Stop Struggling with Animation in PDFs: Discover the InDesign Alternatives

Animation can add a dynamic and engaging element to your designs, but can animation be used in PDFs? Unfortunately, the short answer is no. While it may seem like a convenient option, using animation in PDFs can be problematic due to inconsistent support across different applications, the death of the Flash Player, and the fact that PDF was never built to support animation (e.g., animation from InDesign, or formats like animated GIFs)…all of which can cause playback issues and visual holes in your documents.

In the past, PDFs were primarily opened with Adobe software, which included the Flash Player bundled right inside it. This allowed for some use of animation in PDFs through the use of Flash Player content (though only by embedding SWFs, not using InDesign’s native Animation panel). However, with the demise of Flash, this option is no longer available. So, what are the alternatives?

The answer is HTML5. This browser-native format is capable of replicating the capabilities of Flash and it does not require coding to create content visually in InDesign and export it to multiple HTML-based formats. In this article, we will explore three formats that support animation: fixed layout ePub, Publish Online, and in5 (InDesign to HTML5). All three formats support animation that you can easily create with InDesign’s native Animation panel.

Say Goodbye to Video in PDFs: Why You Should Avoid It at All Costs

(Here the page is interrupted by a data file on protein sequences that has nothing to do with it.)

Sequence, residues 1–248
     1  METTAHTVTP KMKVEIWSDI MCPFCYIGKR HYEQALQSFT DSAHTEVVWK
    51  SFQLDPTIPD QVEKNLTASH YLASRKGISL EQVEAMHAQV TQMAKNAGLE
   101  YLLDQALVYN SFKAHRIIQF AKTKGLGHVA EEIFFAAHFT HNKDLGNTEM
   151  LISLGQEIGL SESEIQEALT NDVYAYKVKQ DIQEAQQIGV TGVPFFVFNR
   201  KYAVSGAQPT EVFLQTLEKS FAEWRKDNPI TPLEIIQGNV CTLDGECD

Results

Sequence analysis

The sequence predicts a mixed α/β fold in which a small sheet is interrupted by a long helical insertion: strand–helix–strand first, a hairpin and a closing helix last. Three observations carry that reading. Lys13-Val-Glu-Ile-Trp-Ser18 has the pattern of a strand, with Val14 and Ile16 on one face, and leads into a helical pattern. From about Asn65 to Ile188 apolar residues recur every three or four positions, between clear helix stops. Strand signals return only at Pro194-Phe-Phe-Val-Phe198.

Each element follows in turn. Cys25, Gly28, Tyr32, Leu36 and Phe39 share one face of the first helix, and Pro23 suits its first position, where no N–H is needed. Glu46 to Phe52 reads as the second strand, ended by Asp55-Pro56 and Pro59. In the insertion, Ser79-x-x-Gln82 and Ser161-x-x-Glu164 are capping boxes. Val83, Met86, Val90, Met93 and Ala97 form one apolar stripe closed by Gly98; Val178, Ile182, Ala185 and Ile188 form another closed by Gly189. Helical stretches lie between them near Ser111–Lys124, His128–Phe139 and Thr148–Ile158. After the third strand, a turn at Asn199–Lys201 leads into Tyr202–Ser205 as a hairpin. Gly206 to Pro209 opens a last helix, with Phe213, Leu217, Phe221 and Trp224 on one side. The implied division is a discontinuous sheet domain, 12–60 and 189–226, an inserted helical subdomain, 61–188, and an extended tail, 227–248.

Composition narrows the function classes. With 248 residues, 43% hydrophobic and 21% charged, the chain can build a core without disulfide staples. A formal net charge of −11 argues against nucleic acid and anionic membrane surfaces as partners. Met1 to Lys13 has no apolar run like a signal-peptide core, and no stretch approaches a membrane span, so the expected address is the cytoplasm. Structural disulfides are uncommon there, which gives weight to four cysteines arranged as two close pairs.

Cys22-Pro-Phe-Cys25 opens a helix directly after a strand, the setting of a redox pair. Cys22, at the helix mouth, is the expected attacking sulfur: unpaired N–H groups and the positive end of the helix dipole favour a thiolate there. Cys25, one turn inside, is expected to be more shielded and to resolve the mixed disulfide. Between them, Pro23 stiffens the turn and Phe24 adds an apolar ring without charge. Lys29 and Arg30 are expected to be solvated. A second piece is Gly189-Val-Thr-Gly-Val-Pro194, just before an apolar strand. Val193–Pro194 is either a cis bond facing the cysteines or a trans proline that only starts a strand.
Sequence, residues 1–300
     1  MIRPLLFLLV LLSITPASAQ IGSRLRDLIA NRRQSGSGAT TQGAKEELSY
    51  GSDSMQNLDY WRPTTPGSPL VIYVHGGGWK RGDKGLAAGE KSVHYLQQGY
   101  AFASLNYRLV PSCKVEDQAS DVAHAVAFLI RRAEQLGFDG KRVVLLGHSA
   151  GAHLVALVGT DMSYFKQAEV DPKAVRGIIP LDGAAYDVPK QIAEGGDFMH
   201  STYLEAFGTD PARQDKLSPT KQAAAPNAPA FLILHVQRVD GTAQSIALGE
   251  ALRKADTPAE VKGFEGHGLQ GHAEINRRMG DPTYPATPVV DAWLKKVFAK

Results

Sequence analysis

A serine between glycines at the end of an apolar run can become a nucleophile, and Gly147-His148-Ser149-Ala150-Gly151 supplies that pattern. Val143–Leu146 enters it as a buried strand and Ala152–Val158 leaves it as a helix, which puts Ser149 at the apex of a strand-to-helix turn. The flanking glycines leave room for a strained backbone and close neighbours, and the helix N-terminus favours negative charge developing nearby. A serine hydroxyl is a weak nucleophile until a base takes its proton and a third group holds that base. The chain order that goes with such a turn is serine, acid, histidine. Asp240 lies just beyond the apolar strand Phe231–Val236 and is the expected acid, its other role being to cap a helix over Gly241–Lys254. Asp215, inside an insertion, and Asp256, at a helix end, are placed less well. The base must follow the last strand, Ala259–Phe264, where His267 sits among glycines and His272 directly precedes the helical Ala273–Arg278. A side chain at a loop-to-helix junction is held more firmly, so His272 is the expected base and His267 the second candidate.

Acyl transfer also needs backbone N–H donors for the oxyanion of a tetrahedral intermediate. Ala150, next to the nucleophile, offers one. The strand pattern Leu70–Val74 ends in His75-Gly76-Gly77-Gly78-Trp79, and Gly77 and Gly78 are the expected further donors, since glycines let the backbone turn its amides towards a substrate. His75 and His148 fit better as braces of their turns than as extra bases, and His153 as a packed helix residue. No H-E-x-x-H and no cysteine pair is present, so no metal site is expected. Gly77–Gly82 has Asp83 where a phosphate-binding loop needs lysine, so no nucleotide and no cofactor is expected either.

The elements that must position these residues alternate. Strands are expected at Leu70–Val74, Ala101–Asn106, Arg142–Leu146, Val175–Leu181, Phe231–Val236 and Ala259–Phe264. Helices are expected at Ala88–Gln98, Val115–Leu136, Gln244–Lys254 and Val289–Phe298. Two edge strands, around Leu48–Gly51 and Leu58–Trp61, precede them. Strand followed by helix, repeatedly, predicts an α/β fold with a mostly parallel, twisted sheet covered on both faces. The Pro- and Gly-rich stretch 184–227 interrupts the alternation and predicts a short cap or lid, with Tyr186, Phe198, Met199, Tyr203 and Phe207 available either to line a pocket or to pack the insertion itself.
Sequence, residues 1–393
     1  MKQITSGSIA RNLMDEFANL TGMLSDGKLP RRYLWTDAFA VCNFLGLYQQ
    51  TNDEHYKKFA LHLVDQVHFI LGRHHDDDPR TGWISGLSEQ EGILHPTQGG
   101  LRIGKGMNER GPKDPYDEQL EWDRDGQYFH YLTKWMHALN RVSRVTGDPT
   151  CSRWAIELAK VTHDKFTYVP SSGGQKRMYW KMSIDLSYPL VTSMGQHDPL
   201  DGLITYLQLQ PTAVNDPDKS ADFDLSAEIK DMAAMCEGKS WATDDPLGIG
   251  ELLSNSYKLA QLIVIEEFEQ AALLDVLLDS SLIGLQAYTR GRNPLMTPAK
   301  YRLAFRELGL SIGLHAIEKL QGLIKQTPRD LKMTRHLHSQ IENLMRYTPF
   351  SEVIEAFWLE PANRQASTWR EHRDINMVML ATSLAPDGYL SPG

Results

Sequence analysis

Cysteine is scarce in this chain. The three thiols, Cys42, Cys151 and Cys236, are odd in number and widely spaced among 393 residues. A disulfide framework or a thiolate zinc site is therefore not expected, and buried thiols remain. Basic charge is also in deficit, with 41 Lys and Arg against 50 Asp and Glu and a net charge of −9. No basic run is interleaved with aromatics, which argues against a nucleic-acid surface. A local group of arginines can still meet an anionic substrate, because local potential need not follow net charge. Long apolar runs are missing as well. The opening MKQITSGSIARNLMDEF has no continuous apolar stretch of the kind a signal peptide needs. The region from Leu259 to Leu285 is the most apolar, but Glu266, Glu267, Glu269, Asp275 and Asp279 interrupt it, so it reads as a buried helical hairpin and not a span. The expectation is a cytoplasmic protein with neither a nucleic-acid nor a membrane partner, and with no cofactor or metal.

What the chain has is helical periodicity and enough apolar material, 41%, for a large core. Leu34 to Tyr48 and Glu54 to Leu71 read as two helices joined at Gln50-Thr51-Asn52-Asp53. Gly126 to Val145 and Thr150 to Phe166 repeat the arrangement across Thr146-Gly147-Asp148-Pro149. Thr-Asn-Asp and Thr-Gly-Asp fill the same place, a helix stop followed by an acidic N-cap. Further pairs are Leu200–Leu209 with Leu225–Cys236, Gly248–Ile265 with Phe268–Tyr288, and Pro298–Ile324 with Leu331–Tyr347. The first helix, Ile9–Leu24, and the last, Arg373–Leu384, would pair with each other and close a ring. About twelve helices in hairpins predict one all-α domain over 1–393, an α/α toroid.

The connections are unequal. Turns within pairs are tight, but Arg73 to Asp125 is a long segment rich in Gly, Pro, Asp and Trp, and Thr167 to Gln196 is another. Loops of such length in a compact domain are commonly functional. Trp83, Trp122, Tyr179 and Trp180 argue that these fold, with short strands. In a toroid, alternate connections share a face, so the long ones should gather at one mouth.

When working with multimedia in design projects, it’s natural to want to include video content in your PDFs. However, it’s important to understand that the use of video in PDFs can be problematic in a number of ways and may not provide the consistent support and playback that you desire.

How to Create a Skip Link for Screen Readers with InDesign & in5

A Skip Link lets disabled users easily skip over purely visual content and jump ahead to substantial content (e.g., skip over a cover page to the main story).

To create a Skip Link with InDesign & in5:

  1. Create a Button or Hyperlink from the element that you would like to use as a Skip Link.
  2. Point that link to the page with the main content.
  3. Use the Accessibility panel* to designate a text frame on your target page as a <main> element using the Custom Tag drop-down (optional).
  4. In the Accessibility panel, select Treat as Skip Link.
  5. In the Accessibility panel, choose Show ONLY to Screen Reader under the Screen Reader Visibility (optional).

*  The Accessibility panel is only available to Elite and Enterprise plans.

Treating the element as a Skip Link means that in5 will move it off the page and into the top of the reading order in the output, ensuring that a screen reader sees it immediately.

You can see in the video below why I suggest that you create the Hyperlink or Button first.

Accessible PDFs from InDesign vs. Accessible HTML from InDesign

The article is written as a parallel to Adobe’s article on Creating Accessible PDFs, so that you can compare the steps required to set up accessibility for both PDF and in5, and to get a sense of the accessibility of the output.

For the purposes of this article, I will assume that you’re not interested in InDesign’s native HTML export, because it does not support layout the way a PDF does. In contrast, in5 exports HTML while maintaining your InDesign layout.

in5 is a 3rd-party InDesign plugin that can create accessible, interactive HTML output (without any coding on your part).

Both the PDF export and in5 can produce 508 compliant output from InDesign, but there are some key difference detailed in the article below.